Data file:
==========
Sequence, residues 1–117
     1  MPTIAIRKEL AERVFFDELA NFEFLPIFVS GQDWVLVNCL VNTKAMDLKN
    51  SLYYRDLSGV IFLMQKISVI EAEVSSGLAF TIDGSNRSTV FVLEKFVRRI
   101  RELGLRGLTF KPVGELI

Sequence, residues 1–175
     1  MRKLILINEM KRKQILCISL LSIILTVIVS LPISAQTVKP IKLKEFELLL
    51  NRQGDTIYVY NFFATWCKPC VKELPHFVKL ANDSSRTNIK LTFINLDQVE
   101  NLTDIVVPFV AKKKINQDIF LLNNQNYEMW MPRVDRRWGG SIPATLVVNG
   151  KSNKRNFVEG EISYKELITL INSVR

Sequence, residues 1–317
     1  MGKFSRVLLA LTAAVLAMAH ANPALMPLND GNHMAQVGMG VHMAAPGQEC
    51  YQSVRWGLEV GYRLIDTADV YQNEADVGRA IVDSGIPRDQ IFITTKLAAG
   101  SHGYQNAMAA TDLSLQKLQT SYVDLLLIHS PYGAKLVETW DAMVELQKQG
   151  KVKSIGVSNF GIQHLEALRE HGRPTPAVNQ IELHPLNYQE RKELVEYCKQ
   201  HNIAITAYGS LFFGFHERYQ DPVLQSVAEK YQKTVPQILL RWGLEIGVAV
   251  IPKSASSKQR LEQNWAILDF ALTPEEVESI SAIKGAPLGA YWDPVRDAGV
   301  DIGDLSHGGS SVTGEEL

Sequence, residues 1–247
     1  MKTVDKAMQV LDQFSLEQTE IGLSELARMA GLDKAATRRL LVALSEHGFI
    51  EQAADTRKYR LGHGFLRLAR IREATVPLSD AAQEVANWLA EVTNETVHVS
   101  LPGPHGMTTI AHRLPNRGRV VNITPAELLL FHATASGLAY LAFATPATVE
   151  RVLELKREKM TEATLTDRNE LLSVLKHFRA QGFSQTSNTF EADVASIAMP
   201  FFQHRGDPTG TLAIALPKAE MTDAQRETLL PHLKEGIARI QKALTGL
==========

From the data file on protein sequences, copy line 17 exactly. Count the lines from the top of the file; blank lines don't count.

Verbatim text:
   301  DIGDLSHGGS SVTGEEL